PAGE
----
The beds are small, and, with one exception, have all been two twin beds, usually pushed together (except for one night, when they were against separate walls). Ed is a large man, and there's not much he can do to shrink his six-foot-five-inch self. The joke was that one of us would fall between the beds sometime during the middle during the night.
Ditto with the showers. Water went everywhere. It was difficult to scrub oneself without hitting a wall or shower curtain, and Ed often wasn't able to stand up completely if he wanted to wash his hair.
The place we rented the past week has allowed us to do laundry for free, which has been very much appreciated. But the drying process takes upwards of three hours or longer. I've made multiple trips up and down to check on the state of our laundry. (The last place we rented, where we stayed for a week, was on the cheap side and not the three-stars it was given: The non-carpeted floors weren't swept so we dirt got tracked everywhere, including the beds; we got a bath mat as often as not; the dish detergent that had been low when we arrived was later filled with water; the bathroom was so tiny that sometimes we had trouble getting in or out of it, and the glass shelf that was above the sink was so close to it, I couldn't actually wash my face in the sink.)
Iceland heats its water geothermally, which means the warm and hot water smells strongly sulfuric. And that's all I'll say about that.
Those are relatively minor complaints, non-issues in the long run - and the only bad things I have to say about Iceland in general or Europe as a continent (I've encountered problems with small beds and small showers in other European countries). However, we came away from our trip with a lot of appreciation for what Iceland has to offer, as well as a few ideas of what turned out well and what we could have done differently.
There were so many things to see: Lots of different types of landscapes (the volcanic lava rock fields continue to just astound me; they're some of the most amazing landscapes I've ever seen), glaciers and icebergs, many opportunities to go whale-watching or puffin-watching, scuba diving, different types of walking or jeep tours, the list goes on. We even could have gone inside a volcano if we could have justified paying $300 per person, but with all our other travel expenses, it was just a bit too much for us on this particular trip.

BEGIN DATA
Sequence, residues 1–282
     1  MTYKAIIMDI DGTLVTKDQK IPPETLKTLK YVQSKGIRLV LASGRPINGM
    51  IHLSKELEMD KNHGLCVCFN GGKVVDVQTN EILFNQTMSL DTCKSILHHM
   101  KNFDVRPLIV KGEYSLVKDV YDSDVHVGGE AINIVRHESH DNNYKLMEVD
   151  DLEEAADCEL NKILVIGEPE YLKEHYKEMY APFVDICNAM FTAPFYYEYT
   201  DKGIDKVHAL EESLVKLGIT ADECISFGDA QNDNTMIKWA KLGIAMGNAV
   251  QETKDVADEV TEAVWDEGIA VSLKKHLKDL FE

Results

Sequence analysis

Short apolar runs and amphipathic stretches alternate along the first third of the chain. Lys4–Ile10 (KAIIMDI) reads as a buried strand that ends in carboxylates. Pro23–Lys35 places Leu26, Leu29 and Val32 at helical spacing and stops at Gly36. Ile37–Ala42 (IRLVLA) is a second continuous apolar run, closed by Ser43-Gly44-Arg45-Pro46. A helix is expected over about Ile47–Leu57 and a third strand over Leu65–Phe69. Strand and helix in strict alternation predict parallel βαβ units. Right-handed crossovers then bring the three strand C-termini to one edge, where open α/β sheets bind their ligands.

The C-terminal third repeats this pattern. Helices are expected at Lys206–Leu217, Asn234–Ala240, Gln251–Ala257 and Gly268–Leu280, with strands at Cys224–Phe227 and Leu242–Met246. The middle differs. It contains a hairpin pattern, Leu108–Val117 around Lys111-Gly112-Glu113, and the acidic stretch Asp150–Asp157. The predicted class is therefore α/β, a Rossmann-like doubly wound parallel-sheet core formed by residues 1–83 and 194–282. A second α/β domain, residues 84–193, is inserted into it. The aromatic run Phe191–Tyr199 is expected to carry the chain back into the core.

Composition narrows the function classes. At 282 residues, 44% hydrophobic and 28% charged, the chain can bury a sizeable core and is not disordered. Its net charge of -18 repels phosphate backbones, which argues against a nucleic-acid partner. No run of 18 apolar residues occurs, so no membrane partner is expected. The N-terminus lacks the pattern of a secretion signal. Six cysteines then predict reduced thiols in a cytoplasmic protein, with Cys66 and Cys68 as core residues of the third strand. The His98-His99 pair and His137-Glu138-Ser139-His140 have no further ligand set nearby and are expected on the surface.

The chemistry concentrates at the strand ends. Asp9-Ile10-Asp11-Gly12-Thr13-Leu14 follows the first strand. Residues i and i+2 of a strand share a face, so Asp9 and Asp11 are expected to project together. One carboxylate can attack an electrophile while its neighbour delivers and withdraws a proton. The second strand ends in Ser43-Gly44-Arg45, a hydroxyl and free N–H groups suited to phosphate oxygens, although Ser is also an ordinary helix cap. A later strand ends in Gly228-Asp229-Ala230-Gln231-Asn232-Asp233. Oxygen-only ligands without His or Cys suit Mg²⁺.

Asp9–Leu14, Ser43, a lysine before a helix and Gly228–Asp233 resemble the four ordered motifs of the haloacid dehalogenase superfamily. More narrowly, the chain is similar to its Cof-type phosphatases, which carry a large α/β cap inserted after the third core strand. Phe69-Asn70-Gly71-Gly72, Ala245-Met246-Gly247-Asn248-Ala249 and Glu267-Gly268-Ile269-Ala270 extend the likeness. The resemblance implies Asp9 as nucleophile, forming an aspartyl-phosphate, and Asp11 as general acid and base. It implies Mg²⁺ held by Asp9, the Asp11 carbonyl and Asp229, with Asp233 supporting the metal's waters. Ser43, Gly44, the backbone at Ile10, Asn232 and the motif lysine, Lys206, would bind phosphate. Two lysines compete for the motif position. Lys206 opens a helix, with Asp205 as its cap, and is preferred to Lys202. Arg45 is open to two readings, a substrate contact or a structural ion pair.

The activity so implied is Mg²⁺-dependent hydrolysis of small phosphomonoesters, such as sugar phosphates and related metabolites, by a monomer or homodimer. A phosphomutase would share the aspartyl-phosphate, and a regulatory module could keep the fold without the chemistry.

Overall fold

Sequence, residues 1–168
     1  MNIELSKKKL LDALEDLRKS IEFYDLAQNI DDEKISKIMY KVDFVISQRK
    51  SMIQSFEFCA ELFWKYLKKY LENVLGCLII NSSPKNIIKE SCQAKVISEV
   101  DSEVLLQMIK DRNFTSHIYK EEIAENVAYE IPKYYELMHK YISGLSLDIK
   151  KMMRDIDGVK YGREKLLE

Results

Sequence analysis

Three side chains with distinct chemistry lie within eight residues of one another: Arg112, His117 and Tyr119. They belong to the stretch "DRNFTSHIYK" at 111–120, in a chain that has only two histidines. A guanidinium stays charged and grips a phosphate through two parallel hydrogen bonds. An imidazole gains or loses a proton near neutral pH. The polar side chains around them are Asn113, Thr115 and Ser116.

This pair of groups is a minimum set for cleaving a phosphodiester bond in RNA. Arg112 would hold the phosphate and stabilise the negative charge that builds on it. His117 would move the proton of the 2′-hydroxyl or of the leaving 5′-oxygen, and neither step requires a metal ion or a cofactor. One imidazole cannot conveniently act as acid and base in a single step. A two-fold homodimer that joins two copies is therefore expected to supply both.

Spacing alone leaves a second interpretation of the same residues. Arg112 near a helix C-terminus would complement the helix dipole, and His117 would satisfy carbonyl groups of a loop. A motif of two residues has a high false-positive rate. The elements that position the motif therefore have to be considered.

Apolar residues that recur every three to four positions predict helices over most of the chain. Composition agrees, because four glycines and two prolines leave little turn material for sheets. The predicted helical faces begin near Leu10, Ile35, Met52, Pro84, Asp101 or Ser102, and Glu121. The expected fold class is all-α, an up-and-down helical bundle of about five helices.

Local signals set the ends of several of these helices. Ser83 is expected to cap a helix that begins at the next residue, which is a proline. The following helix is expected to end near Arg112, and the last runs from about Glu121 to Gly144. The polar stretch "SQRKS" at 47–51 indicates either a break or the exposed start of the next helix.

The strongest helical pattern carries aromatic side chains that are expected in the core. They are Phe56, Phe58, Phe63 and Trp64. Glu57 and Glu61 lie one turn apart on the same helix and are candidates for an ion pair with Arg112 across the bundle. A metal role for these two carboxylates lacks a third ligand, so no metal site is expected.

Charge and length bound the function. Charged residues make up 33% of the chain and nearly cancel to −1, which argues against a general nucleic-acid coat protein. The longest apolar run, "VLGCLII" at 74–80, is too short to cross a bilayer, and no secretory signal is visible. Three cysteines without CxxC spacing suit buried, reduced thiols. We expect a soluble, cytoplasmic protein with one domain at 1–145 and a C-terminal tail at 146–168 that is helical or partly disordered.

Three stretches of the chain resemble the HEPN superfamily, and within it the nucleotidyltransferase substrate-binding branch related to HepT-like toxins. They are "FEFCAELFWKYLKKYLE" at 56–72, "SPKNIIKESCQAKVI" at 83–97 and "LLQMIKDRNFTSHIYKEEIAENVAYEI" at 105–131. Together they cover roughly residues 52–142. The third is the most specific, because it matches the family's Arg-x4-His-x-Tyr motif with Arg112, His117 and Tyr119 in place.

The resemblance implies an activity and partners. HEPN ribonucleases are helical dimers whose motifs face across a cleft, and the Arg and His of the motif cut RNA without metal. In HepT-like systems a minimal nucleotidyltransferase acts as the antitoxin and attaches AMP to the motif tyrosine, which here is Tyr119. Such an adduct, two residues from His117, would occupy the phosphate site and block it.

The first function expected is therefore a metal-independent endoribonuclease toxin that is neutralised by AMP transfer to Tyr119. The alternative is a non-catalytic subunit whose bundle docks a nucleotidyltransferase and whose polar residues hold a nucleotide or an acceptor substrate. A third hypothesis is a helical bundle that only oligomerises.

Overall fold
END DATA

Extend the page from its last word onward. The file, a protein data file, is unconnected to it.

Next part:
The Ring Road was absolutely worthwhile doing. We should have spent an extra night between Egilsstaðir and Reykjavik (we spent a night in Höfn, which is to the south of Egilsstaðir and east of Reykjavik), and perhaps spent one or two fewer nights in Reykjavik, which has a fine offering of art museums we could have spent several days visiting, but neither of us is especially interested in the visual arts. We should have spent a day or two in the West Fjords; this was the only part of Iceland we didn't visit, but we didn't think we'd have time. Spending a night in the West Fjords and a day or two fewer in Reykjavik would have been a good idea. By the end of the trip we felt like we were stretching to fill the last day and a half in Reykjavik.
Our day trip around the Golden Circle was also a wonderful experience; we saw a geyser, a crater, an old church, and the original Alining, where the General Assembly of the Parliament was established in 930 AD.
Wearing hiking boots and jackets (I brought one with a hood) and bringing an umbrella were all really good moves. We did not plan for any formal evenings out so we didn't pack any formal clothing, which would have taken up needless space. We had a few days of warm, sunny weather; the rest of the time, even if it was sunny, it never got warmer than the mid-50s, and often it rained. The hiking boots were especially great to have, if only because they made it easier to tromp all over the place and climb over things, which were often done unexpectedly.